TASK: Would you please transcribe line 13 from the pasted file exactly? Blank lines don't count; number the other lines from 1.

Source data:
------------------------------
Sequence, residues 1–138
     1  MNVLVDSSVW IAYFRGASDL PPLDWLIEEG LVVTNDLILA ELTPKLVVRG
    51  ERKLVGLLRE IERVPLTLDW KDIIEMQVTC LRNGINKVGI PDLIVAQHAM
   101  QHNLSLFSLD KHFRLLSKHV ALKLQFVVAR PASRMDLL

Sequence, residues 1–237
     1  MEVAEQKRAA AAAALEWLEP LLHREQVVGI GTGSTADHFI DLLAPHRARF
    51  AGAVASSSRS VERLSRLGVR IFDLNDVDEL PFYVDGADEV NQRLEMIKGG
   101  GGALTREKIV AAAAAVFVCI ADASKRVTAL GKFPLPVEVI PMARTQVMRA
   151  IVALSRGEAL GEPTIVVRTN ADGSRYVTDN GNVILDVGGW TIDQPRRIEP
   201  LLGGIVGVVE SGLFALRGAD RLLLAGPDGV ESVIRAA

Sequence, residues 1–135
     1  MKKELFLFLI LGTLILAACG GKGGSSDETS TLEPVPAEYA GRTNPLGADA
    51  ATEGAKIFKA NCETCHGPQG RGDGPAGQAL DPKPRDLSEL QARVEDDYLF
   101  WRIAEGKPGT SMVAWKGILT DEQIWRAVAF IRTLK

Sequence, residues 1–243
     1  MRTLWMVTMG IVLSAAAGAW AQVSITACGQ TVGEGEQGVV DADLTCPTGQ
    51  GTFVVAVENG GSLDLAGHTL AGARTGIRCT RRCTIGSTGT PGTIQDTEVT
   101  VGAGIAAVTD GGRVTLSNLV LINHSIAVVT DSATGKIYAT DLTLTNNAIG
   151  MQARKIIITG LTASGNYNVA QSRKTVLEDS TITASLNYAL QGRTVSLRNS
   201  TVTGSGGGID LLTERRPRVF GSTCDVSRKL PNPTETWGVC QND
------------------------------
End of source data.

    51  ATEGAKIFKA NCETCHGPQG RGDGPAGQAL DPKPRDLSEL QARVEDDYLF